Martu artists painting a depiction of the Seven Sisters' Dreaming story. Courtesy of Social Ventures Australia, 2021.
Indigenous communities all across Australia have unique artistic traditions that are connected to their country and Dreaming stories. One community in particular is the Martu people - the traditional owners of a large portion of central Western Australia, stretching from the Great Sandy Desert in the north to Wiluna in the south (Martumili, 2021).
The Martu are world renowned for their incredible collaborative approach to painting, with up to 10 artists often working on a single artwork. Their stunning works have been featured in exhibitions nationally and internationally, and many artworks are held in the collections of major institutions such as the Museum of Contemporary Art. Incredible achievements aside, painting is so much more than just creating an end product. For the Martu, it’s a process of sharing, telling stories and keeping culture alive. Their paintings reflect their knowledge of Country, depicting significant sites of personal, cultural and ecological importance (Social Ventures Australia, 2021).
Martumili Artists at the Museum of Contemporary Art exhibition: Martu Art from the Far Western Desert. Courtesy of MCA, 2014.
Up until the 1950s and 1960’s, the Martu people maintained an entirely independent, nomadic lifestyle in the Great Sandy Desert in Western Australia. Around this time, they began to move into settlements due to a long and severe drought. Despite having to move out of the desert, the Martu remained determined to keep their connection to Country strong. Painting and contemporary art has become an important way for Martu people to share their stories of Country and culture. Through creating art, as well as environmental conservation work, the Martu are able to document and share knowledge of their Jukurrpa (Dreaming stories), culture and surrounding wildlife (Martumili, 2021).
One of the ways in which the Martu passes down stories of traditional life to the younger generations, is through the Martumili Artists Art Centre. Founded in 2006 by a core group of Pujiman (desert born) Elders, Martumili Artists come from the communities of Parnpajinya (Newman), Jigalong, Parnngurr, Punmu, Kunawarritji, Irrungadji and Warralong. Artists live in communities and regularly visit the regional centre of Newman, where Martumili’s key base and gallery is. In each community, there is an art shed where artists come together to paint. Here, the artists gather, accompanied by a jarntu (dog) or two, and sing in language as they paint (Martumili, 2021).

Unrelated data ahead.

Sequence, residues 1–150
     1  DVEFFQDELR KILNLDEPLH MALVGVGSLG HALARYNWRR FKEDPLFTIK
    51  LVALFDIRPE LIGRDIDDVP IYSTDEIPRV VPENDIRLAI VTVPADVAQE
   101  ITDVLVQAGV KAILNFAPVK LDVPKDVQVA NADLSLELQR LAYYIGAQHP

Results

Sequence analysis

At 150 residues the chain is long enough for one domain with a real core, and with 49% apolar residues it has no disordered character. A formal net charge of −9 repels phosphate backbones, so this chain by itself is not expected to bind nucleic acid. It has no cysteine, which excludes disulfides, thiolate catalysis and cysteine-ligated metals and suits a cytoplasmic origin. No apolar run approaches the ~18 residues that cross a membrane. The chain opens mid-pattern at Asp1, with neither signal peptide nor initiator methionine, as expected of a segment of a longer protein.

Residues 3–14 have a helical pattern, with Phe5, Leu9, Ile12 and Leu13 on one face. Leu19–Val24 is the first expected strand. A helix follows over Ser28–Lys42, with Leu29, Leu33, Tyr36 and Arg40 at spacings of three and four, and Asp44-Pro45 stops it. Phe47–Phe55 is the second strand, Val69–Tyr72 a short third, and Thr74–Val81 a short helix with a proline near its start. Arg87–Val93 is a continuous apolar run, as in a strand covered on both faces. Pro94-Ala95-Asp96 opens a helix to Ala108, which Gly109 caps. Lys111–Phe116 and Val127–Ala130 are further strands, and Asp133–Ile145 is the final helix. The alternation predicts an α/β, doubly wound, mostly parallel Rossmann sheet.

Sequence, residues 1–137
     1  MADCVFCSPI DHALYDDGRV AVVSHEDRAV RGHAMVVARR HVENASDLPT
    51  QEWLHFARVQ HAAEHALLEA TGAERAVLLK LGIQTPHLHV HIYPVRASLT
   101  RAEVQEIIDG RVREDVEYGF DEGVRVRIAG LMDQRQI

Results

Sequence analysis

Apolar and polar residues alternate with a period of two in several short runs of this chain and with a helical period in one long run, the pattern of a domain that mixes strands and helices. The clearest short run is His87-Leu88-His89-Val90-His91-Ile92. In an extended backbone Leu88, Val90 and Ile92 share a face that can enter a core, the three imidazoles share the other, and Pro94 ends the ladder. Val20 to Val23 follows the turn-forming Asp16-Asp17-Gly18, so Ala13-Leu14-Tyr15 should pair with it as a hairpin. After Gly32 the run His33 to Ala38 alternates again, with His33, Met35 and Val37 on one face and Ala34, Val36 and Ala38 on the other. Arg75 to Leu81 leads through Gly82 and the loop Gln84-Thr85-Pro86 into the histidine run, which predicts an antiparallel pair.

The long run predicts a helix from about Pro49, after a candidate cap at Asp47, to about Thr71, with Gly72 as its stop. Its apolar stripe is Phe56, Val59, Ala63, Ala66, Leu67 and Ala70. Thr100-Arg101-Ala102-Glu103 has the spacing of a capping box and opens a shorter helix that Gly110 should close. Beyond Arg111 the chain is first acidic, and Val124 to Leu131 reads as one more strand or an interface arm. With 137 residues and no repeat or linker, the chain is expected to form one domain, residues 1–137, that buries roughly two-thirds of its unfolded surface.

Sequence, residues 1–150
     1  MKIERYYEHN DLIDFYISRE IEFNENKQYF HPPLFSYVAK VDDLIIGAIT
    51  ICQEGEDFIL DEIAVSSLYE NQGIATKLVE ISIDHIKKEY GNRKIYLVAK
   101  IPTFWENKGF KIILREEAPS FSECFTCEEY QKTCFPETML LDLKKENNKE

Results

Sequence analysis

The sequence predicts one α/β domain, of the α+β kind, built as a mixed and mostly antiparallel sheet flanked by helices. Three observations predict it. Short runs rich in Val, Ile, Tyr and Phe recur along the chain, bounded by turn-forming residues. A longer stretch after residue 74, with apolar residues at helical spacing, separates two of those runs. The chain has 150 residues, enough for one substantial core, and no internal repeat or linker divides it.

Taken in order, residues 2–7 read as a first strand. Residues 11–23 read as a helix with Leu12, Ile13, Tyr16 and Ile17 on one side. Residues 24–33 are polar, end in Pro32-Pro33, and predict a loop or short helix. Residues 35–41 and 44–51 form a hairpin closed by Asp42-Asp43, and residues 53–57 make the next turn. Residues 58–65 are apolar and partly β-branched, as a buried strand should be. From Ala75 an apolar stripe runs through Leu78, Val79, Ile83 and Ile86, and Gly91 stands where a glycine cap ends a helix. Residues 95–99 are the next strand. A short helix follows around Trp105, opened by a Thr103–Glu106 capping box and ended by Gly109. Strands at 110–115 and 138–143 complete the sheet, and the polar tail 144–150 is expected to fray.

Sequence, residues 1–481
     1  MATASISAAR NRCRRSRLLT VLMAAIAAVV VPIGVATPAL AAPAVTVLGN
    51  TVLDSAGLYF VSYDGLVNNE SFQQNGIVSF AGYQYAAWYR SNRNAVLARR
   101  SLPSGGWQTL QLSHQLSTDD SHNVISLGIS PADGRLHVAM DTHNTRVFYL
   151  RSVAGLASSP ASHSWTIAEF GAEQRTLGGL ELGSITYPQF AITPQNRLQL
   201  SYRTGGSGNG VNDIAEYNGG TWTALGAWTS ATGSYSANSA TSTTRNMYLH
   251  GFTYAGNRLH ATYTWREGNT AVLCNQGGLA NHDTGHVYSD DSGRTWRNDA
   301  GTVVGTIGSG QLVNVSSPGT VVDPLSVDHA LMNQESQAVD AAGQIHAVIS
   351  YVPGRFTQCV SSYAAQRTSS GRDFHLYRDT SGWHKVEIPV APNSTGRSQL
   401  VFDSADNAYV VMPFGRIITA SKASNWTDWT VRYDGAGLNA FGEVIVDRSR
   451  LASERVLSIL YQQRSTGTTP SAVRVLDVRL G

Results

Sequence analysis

These ‘art sheds’ are so much more than the name implies, they are bustling working studios and community hubs for the Martu. Martumili provides the community with a culturally aligned source of income and a way of preserving their precious culture and knowledge through creating and sharing art (Martumili, 2021).
Martumili Artists working on a large collaborative artwork together. Photo by Tristan Deratz, courtesy of MCA, 2014.
Collaborative painting is at the heart of contemporary Martu culture. The creation of these collaborative works provides an essential way of educating younger generations about Martu culture. The process brings together artists young and old to talk, tell stories and sing together. Elders teach young artists ancestral stories related to the creation of Martu Country. The Jukurrpa often follows the travels of ancestral beings between significant sites, such as the epic journey of the Minyipuru Jukurrpa (Seven Sister Dreaming). Paintings include geographical landscape features including tuwa (sandhills), pils (sandy plains), linyji (clay pans), warla (salt lakes), jurna (water soakage) and other water sources (One Of Twelve, 2021).
Large scale collaborative works are typically painted in large art sheds in communities or outdoors, during specially convened artist camps organised by Martumili. It's truly impressive how large groups of artists (up to 10) can work cohesively to create these incredible artworks. Through the Martu artists educating each other on Jukurrpa and painting techniques, the result is the creation of grand works that bring stories of their culture and Country to life, as well as bringing their community closer together as a whole (Social Ventures Australia, 2021).
Art creation is a significant part of Martu communities, and the way in which they create art is a collaborative and ever-evolving process. It is a process that creates unity, and, most importantly, documents and preserves ancient knowledge of Martu Country and culture.